The relationship between the state and the market has been an important area of scholarly inquiry in many academic disciplines. In The Fourth Branch, Brian J. Cook examines state-market interaction through the role of the administrative state in the United States' commercial republic. Cook defines a commercial republic as a political regime that “conjoins popular, limited, and active government… and a market system anchored in a broad domain of private property rights and centered on business enterprise” (p. 13). Since administration is one of the main points of contact between the government and the various interests within the polity, Cook posits, the structure of the administrative state is crucial for the proper functioning of the American commercial republic.
In the first half of The Fourth Branch, Cook reviews the evolution of the state-market relationship in the United States. The changing social basis of the regime is of particular importance for Cook's discussion as he documents how it evolved from the Madisonian preference for a landed economic class to the Hamiltonian belief that it should revolve around a new capital-holding class. The primary consequence of this development is that business interests now dominate the administrative state, which, Cook argues, undermines the aims of a commercial republic.<
To continue reading, see options above.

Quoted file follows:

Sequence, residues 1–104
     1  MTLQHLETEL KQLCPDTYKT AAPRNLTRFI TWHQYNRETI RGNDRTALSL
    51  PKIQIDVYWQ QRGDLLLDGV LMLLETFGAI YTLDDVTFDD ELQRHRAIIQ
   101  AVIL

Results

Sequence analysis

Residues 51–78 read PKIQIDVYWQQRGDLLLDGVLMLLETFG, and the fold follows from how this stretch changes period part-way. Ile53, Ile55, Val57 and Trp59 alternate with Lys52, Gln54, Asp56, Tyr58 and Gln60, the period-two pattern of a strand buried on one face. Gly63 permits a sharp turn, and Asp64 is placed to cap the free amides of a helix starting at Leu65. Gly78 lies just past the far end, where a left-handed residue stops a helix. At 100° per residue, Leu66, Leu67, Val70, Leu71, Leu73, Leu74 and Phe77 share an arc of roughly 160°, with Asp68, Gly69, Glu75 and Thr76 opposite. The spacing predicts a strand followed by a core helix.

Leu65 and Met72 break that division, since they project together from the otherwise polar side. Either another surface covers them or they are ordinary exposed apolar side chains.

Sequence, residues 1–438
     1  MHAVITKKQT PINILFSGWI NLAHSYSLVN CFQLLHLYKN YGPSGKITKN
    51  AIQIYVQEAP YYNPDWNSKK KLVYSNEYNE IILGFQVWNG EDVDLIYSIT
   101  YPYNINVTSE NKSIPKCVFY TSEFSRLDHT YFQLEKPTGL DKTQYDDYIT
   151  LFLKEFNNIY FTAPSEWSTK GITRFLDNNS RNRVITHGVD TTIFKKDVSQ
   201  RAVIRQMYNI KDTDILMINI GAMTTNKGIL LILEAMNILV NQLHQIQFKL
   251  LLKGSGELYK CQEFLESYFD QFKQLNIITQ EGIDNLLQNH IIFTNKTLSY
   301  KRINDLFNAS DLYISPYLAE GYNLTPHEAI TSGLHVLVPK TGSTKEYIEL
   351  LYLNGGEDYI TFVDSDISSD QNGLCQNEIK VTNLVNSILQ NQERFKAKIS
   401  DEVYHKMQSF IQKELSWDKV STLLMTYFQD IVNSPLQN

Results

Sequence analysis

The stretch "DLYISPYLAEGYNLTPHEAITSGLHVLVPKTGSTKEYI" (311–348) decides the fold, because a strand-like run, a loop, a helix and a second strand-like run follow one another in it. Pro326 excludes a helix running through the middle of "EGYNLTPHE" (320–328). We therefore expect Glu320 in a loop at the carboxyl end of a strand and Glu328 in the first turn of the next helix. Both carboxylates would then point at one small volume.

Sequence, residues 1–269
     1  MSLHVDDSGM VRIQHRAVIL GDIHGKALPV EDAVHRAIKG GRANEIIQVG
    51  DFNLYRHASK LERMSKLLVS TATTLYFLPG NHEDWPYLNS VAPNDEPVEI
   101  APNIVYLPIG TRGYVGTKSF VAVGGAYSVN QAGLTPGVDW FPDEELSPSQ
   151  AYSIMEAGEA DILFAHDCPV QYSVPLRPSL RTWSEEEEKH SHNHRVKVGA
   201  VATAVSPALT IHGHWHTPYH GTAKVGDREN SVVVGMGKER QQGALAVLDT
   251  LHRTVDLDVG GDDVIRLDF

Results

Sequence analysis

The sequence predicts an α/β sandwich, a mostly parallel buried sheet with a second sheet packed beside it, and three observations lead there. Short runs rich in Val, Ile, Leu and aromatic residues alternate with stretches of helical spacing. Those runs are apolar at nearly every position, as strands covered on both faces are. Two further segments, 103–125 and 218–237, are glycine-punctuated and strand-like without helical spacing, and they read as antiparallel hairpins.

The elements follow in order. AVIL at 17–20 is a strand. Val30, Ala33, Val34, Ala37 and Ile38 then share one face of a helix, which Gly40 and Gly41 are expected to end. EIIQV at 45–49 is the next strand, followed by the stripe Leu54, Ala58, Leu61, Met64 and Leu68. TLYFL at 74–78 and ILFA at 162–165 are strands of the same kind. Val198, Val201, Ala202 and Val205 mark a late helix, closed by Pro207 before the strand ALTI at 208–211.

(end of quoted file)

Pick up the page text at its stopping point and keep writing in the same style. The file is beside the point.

Crossing the Aisle: Party Switching by U.S. Legislators in the Postwar Era, Antoine Yoshinaka Reviewed by Joel Sievert
Join the Academy of Political Science and automatically receive Political Science Quarterly.
Ukraine, Russia, and the West
Publishing since 1886, PSQ is the most widely read and accessible scholarly journal with distinguished contributors such as: Lisa Anderson, Robert A. Dahl, Samuel P. Huntington, Robert Jervis, Joseph S. Nye, Jr., Theda Skocpol, Woodrow Wilsonview additional issues
Articles | Book reviews
CHINA IN A WORLD OF GREAT POWER COMPETITION
The Academy of Political Science, promotes objective, scholarly analyses of political, social, and economic issues. Through its conferences and publications APS provides analysis and insight into both domestic and foreign policy issues.
With neither an ideological nor a partisan bias, PSQ looks at facts and analyzes data objectively to help readers understand what is really going on in national and world affairs.